"That Winning Feeling" is AWESOME. Helped me overcome some confidence issues, as well as my Type "A" perfection complex(=:

Meredith Clark
Dec. 30, 2009, 11:14 PM
when i've asked her about the differences all she says is "its a big difference" whereas i've talked to other trainers and stuff who say there's really not much of a difference at all

Your trainer should be more open with you, especially since it sounds like you're really trying to learn and improve as a rider.

A lot of schooling shows offer an "Intro" or "baby beginner novice" level that would be inbetween Elem and Beg. Novice

There is a pretty big difference between Elem (unrecognized) and Recognized Beginner Novice (fees, rules, etc).

cranky
Dec. 31, 2009, 08:43 AM
I started competing this year and I did the move from Elementary to BN over the Summer. I would say that there was a somewhat big difference for me, not that the jumps were really all that bigger or more technical, but I think it was more of a mental thing. I kind of had to make that leap where I was a bit chicken and so was doing a lot of trotting in my jump courses, to where I was ready to canter and gallop everything. I was really fine, once I got over that mental hurdle. Perhaps your trainer doesn't feel that you're ready to make that mental switch yet, due to your confidence issues. Still, she should be able to explain her reservations about moving you up to you -- have you asked her to?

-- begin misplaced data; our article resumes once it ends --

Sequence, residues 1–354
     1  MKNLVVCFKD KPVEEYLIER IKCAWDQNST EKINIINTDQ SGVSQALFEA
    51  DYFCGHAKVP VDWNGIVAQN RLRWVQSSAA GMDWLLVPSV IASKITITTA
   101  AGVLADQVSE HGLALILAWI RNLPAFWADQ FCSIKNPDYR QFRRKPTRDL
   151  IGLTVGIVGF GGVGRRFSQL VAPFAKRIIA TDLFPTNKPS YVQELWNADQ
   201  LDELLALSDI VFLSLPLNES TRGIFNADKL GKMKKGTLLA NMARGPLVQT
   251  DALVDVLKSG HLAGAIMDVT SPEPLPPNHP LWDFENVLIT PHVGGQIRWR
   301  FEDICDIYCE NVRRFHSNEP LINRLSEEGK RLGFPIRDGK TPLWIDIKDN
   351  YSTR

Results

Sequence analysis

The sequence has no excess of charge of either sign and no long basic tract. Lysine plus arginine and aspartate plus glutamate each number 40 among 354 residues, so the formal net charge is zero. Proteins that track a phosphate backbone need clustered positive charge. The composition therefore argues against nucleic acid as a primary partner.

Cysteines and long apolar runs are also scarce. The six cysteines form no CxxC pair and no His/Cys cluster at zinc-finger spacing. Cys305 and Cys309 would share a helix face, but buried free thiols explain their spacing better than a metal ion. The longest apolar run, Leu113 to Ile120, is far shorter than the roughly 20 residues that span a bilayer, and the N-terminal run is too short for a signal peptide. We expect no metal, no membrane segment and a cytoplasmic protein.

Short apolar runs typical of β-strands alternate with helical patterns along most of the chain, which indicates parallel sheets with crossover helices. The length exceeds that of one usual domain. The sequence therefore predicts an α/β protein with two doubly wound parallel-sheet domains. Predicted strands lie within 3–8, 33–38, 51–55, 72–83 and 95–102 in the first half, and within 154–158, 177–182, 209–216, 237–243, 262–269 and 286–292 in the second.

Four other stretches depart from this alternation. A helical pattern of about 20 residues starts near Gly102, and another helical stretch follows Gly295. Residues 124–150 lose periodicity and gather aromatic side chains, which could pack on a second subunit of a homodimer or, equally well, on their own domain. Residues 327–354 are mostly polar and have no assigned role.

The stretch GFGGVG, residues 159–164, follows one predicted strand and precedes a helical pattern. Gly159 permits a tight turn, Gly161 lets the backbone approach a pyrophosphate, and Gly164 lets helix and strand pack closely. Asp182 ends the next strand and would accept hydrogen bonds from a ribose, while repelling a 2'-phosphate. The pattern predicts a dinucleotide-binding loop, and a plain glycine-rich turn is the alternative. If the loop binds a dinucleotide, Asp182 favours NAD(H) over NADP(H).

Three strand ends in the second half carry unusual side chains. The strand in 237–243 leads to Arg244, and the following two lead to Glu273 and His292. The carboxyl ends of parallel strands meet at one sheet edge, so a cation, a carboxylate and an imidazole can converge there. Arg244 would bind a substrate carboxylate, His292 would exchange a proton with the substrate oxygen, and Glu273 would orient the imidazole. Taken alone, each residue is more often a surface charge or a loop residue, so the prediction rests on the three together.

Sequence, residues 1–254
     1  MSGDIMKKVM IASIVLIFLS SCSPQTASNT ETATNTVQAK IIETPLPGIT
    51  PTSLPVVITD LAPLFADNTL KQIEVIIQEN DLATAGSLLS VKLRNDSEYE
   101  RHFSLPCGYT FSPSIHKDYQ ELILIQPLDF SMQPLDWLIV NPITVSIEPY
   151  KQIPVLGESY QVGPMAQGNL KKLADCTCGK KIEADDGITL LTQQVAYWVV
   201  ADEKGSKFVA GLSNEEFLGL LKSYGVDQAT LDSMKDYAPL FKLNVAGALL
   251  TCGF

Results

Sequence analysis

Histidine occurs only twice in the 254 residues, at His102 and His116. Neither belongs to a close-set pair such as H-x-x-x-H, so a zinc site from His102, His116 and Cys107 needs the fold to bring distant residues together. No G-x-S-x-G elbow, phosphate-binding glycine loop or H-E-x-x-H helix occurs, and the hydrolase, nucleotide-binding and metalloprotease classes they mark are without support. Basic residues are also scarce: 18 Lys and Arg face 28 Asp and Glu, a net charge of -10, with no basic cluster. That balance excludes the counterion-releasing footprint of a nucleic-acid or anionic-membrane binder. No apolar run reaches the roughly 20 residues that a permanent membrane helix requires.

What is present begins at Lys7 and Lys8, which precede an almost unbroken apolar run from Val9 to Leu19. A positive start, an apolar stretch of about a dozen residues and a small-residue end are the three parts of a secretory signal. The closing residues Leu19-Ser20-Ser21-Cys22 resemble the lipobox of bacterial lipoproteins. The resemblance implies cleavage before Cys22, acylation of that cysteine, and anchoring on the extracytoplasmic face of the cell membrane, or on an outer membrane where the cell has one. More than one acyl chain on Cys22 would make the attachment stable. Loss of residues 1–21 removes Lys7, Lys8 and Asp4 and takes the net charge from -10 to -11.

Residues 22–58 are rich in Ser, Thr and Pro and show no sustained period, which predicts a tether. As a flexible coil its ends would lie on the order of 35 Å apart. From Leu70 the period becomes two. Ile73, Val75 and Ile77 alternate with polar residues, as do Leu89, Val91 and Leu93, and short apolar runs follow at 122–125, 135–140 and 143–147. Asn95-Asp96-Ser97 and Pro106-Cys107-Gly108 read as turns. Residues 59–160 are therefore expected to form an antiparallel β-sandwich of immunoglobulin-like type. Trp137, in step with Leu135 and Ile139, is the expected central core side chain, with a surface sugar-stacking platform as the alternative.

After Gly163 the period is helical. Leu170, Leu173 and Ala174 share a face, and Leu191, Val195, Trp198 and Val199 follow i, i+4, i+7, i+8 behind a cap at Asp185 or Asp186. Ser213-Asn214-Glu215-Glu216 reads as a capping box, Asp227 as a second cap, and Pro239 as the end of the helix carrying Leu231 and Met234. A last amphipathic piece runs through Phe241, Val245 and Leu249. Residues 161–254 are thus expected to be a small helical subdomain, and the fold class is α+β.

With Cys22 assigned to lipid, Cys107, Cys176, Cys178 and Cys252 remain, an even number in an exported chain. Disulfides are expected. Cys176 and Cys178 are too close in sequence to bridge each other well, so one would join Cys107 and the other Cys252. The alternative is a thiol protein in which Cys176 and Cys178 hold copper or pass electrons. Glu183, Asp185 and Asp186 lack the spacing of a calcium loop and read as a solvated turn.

I would say that, assuming your trainer feels that you're ready, start the Area I season off by doing elementary at a couple of schooling events. See how much you can school BN during those months and target an event over the Summer to try a BN if all goes well and your trainer agrees. You don't have to right now declare that you're at E or that you're at BN. Start in your comfort zone, do the schooling, set an event as a goal for BN and work towards it as the season progresses. And communicate with your trainer. Maybe she doesn't realize that you want to move up -- perhaps she thinks you're happy where you are.